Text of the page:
Schenirer recently told The Bee that he and other council members would be working on the issue for the next 30 to 45 days before they even offered recommendations to the city. If that is the case, it could be several weeks after that before the city even voted on the issue. That could take the issue of a homeless camp into May or beyond.
In other words, the process of approving a homeless camp could take the same amount of time SSF would need to move less vulnerable homeless people into subsidized apartments.
What sets the SSF program apart from a homeless camp is that SSF is trying to get people out of homelessness instead of prolonging homelessness. The emphasis is to get people on their feet in 30 to 90 days, though people who need help can get it for up to two years, Loufbourrow said.
It remains to be seen if Sacramento would set a time limit for how long people could remain in a homeless camp, but the Seattle model doesn’t have one. Moreover, a homeless camp goes against a “housing first” trend being adopted by cities across America.
The location of a homeless camp is sure to be controversial. Homeless advocates have identified Del Paso Heights, Oak Park and Meadowview as potential sites. These communities already are saturated by social services, as well as crime and poverty.
In his letter, Merin suggested the first homeless camp go into Schenirer’s district. It’s a safe bet that Schenirer’s Curtis Park constituents, populated by professional people who avidly vote in elections, would not have to deal with a homeless camp. It seems more likely that Oak Park or another neighborhood with less political clout would get tabbed as a homeless camp site by the city.
The program Loofbourrow is building at SSF is more democratic because he is trying to house homeless people in apartments around the county. SSF recently partnered with Rancho Cordova. Loofbourrow is also talking to Folsom, Citrus Heights, and he hopes to partner with Elk Grove as well.
Still youthful looking at 45, with only the tiniest flecks of gray in his goatee, Loofbourrow spends his days – and nights – trying to create a system that prevents people from becoming homeless in the first place. “It ticks me off when people are homeless,” he said. “We should have healthy communities, and we as Americans should not have our citizens living outside.”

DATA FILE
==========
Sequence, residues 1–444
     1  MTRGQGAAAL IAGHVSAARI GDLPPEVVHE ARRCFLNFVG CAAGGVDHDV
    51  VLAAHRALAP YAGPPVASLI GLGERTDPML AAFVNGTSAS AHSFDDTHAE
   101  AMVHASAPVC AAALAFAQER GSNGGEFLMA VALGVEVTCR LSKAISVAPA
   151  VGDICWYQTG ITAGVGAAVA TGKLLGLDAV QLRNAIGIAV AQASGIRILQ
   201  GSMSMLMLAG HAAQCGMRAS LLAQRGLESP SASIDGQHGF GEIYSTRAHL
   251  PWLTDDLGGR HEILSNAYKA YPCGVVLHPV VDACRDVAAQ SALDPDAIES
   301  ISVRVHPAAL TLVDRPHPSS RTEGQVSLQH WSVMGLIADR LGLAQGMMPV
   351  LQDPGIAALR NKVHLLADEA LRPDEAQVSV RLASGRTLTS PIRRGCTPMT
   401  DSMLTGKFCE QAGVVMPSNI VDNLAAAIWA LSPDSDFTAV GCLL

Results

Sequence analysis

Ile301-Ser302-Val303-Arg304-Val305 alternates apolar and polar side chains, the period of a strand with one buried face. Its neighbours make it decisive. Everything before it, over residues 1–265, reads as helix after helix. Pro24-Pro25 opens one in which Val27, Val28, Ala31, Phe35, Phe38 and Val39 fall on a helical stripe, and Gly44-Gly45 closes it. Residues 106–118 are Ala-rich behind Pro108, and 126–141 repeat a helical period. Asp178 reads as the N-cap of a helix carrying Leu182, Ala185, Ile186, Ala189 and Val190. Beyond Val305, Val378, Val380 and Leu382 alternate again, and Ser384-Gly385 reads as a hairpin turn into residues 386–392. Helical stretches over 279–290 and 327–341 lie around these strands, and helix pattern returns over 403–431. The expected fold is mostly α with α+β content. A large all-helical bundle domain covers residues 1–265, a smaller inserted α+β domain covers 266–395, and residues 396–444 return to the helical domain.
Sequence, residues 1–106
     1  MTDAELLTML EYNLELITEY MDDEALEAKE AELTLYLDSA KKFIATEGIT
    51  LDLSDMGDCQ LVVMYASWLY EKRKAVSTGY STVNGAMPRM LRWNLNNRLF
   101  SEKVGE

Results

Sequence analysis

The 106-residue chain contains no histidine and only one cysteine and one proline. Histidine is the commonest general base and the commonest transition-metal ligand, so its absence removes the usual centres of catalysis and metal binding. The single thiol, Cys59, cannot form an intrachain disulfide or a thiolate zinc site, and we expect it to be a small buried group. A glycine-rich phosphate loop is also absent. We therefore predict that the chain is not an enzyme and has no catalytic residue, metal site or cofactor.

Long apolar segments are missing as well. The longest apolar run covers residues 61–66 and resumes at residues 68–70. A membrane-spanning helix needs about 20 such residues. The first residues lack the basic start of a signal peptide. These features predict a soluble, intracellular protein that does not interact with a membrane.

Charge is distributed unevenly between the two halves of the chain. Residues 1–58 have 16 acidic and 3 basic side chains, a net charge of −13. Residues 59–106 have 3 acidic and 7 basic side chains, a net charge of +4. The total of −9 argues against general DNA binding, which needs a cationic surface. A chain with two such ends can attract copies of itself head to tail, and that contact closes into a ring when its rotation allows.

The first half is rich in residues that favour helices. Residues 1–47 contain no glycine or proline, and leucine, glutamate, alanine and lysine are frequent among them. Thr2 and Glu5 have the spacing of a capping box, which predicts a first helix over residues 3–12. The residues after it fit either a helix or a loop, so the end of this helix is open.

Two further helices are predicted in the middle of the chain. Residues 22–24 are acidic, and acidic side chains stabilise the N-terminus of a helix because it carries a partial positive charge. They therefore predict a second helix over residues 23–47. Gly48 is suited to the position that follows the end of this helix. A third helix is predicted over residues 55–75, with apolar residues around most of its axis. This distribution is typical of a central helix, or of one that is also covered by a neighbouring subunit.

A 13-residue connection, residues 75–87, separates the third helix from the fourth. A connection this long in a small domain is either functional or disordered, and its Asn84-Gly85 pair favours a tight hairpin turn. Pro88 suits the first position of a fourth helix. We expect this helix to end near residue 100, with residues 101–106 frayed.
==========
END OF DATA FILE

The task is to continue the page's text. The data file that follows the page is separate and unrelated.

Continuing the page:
SSF is already having success with some subsets of Sacramento’s homeless population. Within months, it will have enough housing to get homeless veterans of the U.S. armed services off the streets. Admittedly, the estimated 668 homeless vets in Sacramento County are a small percentage of the overall homeless population. Still, a federal goal of creating enough housing for those vets is at hand in Sacramento.
“By August or September, we should have equal amount of housing to match the inflow and outflow of homeless veterans,” Loofbourrow said. “We want a system that keeps up with the inflow, and we want to re-create that metric for the entire homeless population.”
Data on the homeless are admittedly tricky, but Loofbourrow hopes that soon his agency will have more accurate ways to measure how many homeless people Sacramento has, how much housing is available for them and how to close the gap between the two numbers.
Right now, he can’t definitely say how big that gap is. Sacramento has roughly 2,600 homeless people on county streets, a number based on a one-night “point-in-time” count from January 2015. Loofbourrow said it’s not fully accurate; SSF estimates that number could be as high as 5,000.
Last year, SSF housed 3,000 homeless people in shelters and market-rate apartments, Loofbourrow said. But when it comes to homelessness, the numbers are never static. People constantly transition in and out of the system.
SSF recently has interviewed roughly 1,600 homeless people. They are working to address their needs and connect them with services. Most will be housed within this year, Loofbourrow said. But while that is going on, hundreds more will get in line every month.
The pressures caused by the need for homeless services are causing anxiety throughout the county. Communities such as Carmichael and Orangevale are experiencing homelessness in a way they never have before. The willingness of city officials to embrace a tent city is the most visible manifestation of policymakers pushed hard to consider measures they had previously dismissed.
It’s understandable and, at its heart, a compassionate reaction. It’s also laudable that four City Council members, the city manager and Sacramento’s police chief all went to Seattle to study the issue. But as Loofbourrow contends, tent cities are not a step forward.
“I’m an advocate for housing and I’m single-minded about that,” he said. “I really believe in housing. (Homelessness) is one of the great social conundrums we face. We know it’s not right, but we don’t know how to respond to it.”
Actually Loofbourrow does know how, maybe better than anyone in Sacramento. It’s just a matter of whether the politicians will listen to him.